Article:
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Please use this identifier to cite or link to this item: http://purl.umn.edu/44297

Title: Central Bank Independence, Democracy, and Dollarization
Authors: Drazen, Allan
Keywords: central bank independence
constitutional democracy
democratic control
JEL Codes: E52
E58
H62
Issue Date: 2002-05
Abstract: Is there a fundamental conflict between insulating monetary policy from popular pressures, seen as essential to sound monetary policy, and making policy responsive to the popular will, seen as fundamental to democracy? We argue that strongly independent monetary policy is not inconsistent with democratic control of policymaking, once one realizes that a key feature of democratic policymaking is the decision to remove some decisions from “day-to-day” political pressures. This is the essence of "constitutionalism," central to the functioning of democracy, by which certain decisions are made difficult to reverse. It is further argued that a conflict between popular sovereignty and policymaker independence is not unique to monetary policy, but actually characterizes most policymaking in a democracy, with institutions designed to insulate policymaking from popular pressures. A constitutional perspective implies that extreme forms of commitment, such as a dollarization, are similarly consistent with democracy. One argument for such constraints on monetary policy (as opposed to fiscal policy, for example) is agreement on what good monetary policy means.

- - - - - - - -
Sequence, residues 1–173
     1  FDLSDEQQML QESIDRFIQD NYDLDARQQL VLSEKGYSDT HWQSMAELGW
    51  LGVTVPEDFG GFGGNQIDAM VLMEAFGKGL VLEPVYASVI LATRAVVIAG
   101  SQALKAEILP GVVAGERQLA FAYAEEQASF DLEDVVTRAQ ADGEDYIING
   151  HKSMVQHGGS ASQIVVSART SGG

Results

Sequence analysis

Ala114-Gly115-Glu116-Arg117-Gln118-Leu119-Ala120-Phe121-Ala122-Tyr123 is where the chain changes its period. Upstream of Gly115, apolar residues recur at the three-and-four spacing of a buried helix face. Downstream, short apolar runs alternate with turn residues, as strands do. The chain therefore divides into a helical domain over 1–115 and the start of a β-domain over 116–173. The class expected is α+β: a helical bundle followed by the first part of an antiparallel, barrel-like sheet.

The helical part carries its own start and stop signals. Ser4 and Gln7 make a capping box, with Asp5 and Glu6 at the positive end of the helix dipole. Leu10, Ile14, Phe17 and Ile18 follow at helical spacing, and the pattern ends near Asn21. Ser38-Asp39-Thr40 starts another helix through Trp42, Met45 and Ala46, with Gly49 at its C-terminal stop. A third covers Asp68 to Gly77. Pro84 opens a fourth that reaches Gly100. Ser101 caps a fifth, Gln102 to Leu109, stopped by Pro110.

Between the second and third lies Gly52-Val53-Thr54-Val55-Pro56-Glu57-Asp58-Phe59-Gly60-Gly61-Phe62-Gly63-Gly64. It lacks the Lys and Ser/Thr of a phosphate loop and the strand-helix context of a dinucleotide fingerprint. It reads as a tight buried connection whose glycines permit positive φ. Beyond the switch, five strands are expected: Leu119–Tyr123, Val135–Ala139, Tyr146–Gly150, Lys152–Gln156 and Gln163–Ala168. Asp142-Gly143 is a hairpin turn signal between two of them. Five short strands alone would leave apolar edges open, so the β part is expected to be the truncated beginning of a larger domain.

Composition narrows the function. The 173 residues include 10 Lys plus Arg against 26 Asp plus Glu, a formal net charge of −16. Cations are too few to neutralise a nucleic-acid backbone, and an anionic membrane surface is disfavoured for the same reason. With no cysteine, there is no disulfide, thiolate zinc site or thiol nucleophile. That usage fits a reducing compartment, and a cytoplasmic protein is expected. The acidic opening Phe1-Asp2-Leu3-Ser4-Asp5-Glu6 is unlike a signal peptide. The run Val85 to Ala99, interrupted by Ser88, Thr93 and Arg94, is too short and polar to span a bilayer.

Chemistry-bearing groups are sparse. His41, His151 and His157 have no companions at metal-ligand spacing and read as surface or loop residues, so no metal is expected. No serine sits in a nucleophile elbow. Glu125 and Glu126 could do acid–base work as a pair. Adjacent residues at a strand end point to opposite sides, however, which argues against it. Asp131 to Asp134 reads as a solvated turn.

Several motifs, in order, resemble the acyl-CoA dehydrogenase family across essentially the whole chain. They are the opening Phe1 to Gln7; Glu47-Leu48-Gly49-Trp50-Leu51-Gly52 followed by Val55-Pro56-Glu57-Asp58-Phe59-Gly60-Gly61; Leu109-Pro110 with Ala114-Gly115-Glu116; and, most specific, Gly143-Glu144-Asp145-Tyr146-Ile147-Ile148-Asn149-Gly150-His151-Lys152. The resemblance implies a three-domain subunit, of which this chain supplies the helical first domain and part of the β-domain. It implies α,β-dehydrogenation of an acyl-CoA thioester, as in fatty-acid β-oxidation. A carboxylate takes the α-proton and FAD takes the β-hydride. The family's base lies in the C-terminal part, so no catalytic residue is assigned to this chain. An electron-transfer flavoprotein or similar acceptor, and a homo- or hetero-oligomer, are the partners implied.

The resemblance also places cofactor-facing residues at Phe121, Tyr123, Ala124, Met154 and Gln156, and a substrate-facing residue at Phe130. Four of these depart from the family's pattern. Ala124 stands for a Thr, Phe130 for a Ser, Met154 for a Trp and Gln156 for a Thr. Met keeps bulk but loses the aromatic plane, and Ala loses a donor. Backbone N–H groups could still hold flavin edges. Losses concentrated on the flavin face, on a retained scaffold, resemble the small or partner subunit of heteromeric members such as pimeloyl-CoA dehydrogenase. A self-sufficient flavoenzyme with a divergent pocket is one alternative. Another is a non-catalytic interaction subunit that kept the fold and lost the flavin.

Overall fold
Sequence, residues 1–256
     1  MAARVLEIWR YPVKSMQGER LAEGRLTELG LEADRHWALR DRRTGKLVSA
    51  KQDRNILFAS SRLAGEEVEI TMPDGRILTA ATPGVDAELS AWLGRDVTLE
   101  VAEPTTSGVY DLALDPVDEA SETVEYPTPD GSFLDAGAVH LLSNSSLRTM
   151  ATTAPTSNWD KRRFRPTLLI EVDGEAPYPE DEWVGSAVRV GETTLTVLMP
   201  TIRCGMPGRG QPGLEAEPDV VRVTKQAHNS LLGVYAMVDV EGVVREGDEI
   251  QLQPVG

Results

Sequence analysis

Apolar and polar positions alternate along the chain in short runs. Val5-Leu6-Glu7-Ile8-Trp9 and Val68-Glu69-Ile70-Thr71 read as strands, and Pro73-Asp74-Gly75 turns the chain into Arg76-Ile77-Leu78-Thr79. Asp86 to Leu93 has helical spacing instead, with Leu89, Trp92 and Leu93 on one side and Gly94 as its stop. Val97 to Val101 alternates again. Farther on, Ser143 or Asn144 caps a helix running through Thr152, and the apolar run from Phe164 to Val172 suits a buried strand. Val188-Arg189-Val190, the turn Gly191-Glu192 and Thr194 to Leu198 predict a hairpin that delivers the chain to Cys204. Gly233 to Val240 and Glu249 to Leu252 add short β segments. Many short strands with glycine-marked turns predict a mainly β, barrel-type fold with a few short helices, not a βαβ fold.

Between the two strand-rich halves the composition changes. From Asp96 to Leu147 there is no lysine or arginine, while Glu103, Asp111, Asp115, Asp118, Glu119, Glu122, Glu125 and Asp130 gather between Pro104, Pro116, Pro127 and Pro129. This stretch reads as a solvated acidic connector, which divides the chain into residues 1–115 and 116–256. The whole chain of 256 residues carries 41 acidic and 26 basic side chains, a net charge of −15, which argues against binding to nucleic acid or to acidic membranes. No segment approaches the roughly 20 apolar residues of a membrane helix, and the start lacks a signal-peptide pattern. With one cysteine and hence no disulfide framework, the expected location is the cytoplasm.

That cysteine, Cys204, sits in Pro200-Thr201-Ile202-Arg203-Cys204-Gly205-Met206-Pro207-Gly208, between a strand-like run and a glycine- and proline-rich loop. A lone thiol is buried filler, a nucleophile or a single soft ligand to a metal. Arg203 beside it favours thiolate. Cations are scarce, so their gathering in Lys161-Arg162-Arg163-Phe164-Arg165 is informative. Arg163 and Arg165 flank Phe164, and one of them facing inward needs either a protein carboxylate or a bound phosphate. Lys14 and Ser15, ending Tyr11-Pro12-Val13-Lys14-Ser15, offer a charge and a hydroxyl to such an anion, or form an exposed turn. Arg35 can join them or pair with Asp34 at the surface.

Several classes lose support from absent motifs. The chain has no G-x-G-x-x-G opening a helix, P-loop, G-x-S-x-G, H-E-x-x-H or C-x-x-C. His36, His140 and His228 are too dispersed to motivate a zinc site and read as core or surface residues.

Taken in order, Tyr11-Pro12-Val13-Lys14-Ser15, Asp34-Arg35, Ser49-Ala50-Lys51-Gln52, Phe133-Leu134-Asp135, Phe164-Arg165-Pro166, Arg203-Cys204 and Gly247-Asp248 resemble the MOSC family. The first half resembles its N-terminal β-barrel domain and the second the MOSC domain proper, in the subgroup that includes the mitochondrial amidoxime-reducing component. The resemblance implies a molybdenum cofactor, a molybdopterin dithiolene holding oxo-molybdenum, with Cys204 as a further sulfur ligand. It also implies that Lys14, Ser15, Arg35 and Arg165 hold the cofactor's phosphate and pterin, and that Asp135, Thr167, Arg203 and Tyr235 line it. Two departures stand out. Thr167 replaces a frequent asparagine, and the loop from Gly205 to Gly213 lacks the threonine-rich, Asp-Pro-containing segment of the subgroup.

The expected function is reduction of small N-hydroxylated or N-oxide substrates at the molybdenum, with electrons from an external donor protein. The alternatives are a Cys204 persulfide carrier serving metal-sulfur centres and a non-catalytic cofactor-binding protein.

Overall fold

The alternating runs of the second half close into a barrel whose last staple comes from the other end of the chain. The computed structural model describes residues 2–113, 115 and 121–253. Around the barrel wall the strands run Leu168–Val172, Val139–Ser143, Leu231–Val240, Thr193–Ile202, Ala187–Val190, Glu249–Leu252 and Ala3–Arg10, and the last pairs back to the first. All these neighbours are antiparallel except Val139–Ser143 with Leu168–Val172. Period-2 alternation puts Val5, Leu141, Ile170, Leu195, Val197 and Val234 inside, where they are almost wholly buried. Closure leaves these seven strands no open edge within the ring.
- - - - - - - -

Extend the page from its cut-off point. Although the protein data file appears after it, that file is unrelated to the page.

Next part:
URI: http://purl.umn.edu/44297
Identifiers: Print ISSN 1514-0326
Online ISSN 1667-6726
Institution/Association: Journal of Applied Economics>Volume 5, Number 1, May 2002
Total Pages: 17
From Page: 1
To Page: 17
Collections:Volume 05, Number 1, May 2002

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